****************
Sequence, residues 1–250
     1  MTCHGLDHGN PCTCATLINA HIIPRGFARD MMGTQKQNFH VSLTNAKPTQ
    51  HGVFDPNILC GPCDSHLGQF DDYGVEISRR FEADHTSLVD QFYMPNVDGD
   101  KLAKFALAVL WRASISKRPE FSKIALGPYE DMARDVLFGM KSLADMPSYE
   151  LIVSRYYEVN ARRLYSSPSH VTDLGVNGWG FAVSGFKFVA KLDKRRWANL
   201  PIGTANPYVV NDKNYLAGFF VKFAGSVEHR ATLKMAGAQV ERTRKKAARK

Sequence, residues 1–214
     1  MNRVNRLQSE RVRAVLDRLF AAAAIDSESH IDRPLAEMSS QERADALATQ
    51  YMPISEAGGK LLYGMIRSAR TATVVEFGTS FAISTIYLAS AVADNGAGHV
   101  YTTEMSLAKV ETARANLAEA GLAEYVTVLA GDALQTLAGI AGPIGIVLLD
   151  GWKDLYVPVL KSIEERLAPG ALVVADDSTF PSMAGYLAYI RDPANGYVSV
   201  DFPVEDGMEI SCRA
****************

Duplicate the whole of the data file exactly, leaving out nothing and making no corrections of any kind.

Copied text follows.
Sequence, residues 1–250
     1  MTCHGLDHGN PCTCATLINA HIIPRGFARD MMGTQKQNFH VSLTNAKPTQ
    51  HGVFDPNILC GPCDSHLGQF DDYGVEISRR FEADHTSLVD QFYMPNVDGD
   101  KLAKFALAVL WRASISKRPE FSKIALGPYE DMARDVLFGM KSLADMPSYE
   151  LIVSRYYEVN ARRLYSSPSH VTDLGVNGWG FAVSGFKFVA KLDKRRWANL
   201  PIGTANPYVV NDKNYLAGFF VKFAGSVEHR ATLKMAGAQV ERTRKKAARK

Sequence, residues 1–214
     1  MNRVNRLQSE RVRAVLDRLF AAAAIDSESH IDRPLAEMSS QERADALATQ
    51  YMPISEAGGK LLYGMIRSAR TATVVEFGTS FAISTIYLAS AVADNGAGHV
   101  YTTEMSLAKV ETARANLAEA GLAEYVTVLA GDALQTLAGI AGPIGIVLLD
   151  GWKDLYVPVL KSIEERLAPG ALVVADDSTF PSMAGYLAYI RDPANGYVSV
   201  DFPVEDGMEI SCRA